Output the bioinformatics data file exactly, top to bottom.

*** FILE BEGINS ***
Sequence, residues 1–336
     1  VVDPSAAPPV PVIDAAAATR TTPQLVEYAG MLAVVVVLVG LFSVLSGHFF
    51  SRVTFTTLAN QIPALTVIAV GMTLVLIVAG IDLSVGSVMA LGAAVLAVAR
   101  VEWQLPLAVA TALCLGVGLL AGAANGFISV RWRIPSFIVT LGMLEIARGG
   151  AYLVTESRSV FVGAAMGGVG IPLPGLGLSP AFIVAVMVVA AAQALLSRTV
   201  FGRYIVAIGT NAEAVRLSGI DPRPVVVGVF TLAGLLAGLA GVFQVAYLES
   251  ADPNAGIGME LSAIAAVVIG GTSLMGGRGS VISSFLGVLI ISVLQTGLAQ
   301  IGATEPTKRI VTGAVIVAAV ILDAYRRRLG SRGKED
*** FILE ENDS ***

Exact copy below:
Sequence, residues 1–336
     1  VVDPSAAPPV PVIDAAAATR TTPQLVEYAG MLAVVVVLVG LFSVLSGHFF
    51  SRVTFTTLAN QIPALTVIAV GMTLVLIVAG IDLSVGSVMA LGAAVLAVAR
   101  VEWQLPLAVA TALCLGVGLL AGAANGFISV RWRIPSFIVT LGMLEIARGG
   151  AYLVTESRSV FVGAAMGGVG IPLPGLGLSP AFIVAVMVVA AAQALLSRTV
   201  FGRYIVAIGT NAEAVRLSGI DPRPVVVGVF TLAGLLAGLA GVFQVAYLES
   251  ADPNAGIGME LSAIAAVVIG GTSLMGGRGS VISSFLGVLI ISVLQTGLAQ
   301  IGATEPTKRI VTGAVIVAAV ILDAYRRRLG SRGKED